She is the first black woman with her own private DNA testing lab, which she started through a combination of her perseverance and dedication.
Zaahl, a mother and scientist, developed her passion and interest in human genetics in her third year of studying at the University of Stellenbosch.
“I have always been very driven and wanted to have the best education possible. It was a combination of content and a very good lecturer, Professor Louise Warnich, which interested me,” said Zaahl.
Years later, after completing her studies at the University of Stellenbosch, and part of her PhD at Oxford University, Zaahl founded GENEdiagonistics while working at the same university that has been home to the beginnings of her human genetics aspirations.
With GENEdiagonistics, Zaahl wanted the world of science to be more inclusive to those who have previously experienced obstacles accessing health resources.
“Genetic testing has for many years been known to be available only to an elitist group, because of the cost of testing. I aim to make testing affordable and therefore available to all economic groups,” she said.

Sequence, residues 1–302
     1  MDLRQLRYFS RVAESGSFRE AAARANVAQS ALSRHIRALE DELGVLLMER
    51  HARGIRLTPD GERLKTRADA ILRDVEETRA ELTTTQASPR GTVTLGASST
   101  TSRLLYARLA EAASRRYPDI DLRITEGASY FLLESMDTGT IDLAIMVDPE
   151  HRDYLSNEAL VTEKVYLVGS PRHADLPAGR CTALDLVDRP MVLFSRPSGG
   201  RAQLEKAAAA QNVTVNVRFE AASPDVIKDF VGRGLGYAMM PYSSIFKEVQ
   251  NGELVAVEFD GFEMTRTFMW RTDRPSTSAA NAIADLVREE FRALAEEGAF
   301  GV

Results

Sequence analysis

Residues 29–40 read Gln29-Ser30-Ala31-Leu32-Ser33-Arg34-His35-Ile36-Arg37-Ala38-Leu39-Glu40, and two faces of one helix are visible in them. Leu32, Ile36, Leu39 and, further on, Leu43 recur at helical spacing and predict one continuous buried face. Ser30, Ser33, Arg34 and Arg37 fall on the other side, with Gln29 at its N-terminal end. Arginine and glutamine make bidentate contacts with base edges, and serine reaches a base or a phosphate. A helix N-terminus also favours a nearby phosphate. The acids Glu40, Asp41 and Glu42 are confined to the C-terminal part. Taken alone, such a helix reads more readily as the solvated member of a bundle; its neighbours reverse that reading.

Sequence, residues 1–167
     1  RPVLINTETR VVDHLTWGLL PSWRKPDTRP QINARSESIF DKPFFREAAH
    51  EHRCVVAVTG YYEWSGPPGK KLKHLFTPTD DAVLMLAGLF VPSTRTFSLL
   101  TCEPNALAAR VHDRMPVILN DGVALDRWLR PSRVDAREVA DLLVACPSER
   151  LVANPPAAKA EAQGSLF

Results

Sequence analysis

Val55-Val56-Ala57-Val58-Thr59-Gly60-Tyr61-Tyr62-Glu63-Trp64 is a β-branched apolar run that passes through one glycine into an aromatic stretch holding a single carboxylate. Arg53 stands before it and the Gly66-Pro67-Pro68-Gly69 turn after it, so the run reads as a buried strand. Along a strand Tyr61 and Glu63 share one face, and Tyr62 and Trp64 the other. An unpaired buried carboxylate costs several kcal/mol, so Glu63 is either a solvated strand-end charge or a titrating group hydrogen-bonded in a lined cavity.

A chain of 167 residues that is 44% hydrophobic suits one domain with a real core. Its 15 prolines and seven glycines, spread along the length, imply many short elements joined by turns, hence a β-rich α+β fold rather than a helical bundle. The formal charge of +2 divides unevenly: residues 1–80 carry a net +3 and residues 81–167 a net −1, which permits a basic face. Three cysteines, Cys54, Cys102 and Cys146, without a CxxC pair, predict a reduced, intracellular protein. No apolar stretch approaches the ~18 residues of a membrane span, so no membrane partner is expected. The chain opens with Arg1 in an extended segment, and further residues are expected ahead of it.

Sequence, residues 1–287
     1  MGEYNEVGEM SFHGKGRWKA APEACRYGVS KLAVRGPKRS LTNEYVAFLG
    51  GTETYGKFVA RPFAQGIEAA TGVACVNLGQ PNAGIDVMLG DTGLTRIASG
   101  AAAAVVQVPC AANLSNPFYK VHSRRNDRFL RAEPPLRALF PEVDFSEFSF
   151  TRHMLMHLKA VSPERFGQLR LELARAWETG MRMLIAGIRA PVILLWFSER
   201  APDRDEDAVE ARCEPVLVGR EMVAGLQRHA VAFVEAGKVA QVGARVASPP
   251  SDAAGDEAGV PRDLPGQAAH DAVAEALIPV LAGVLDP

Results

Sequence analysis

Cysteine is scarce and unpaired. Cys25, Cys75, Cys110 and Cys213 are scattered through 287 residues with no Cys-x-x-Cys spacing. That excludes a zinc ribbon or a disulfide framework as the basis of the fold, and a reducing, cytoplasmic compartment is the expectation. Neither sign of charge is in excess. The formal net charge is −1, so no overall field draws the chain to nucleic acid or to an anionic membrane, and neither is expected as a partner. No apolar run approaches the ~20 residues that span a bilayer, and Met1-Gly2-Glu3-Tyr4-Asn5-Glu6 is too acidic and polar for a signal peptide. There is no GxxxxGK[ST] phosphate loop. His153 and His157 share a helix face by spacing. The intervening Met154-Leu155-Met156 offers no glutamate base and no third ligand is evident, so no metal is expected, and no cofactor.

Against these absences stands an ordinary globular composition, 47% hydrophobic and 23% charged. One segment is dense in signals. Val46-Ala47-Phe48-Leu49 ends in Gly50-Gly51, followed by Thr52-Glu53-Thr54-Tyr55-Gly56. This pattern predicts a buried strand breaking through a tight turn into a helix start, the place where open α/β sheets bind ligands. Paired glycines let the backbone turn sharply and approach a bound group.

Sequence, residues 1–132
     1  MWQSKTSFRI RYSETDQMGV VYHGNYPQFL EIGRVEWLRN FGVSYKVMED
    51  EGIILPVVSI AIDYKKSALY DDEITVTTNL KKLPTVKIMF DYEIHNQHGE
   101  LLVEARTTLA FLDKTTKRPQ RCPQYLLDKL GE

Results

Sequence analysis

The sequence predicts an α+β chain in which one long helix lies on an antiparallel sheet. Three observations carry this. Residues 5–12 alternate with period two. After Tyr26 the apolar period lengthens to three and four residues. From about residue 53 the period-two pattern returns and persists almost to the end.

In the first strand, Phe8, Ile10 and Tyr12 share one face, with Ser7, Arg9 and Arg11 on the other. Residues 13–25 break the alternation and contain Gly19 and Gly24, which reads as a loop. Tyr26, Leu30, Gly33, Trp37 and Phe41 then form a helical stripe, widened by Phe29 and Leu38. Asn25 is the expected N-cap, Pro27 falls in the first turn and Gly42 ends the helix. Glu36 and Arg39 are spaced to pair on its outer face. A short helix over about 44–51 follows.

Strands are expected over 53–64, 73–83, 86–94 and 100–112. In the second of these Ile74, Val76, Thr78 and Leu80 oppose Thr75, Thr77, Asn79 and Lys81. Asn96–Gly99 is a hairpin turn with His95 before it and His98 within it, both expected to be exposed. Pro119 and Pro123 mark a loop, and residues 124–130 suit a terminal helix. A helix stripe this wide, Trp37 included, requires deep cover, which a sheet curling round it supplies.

Today, GENEdiagnostics employs four scientists in the laboratory, all motivated and determined to empower their clients on the make-up of their genetics. The lab offers a range of testing including ancestry tests, paternity tests, forensics, molecular genetic tests for a group of diseases and pharmacogenetics.
The Somerset West-based genetics provider is also 100% black-owned, a fact that Zaahl and her team are proud of. Managed by a woman, Zaahl has worked to make her company a great hub of testing, training and research services.
She admitted that starting a private lab was high risk, especially as she has a daughter to provide for. Having battled a divorce and a cancer diagnosis, Zaahl advised on the importance of persevering when times are hard.
She had to “slow down” in the business before she was able to operate her lab at full capacity again.
While her position in the field as a black woman who made it through years of education, research and lecturing is a source of pride, Zaahl said: “My opinion is that women in general, irrespective of race, have it more difficult in this industry. I was always challenged and questioned as a black woman on every level possible, but this did not stop from being where I want to be.”
There's an adequate number of females in the genetic research field, but the challenge is to break through that glass ceiling.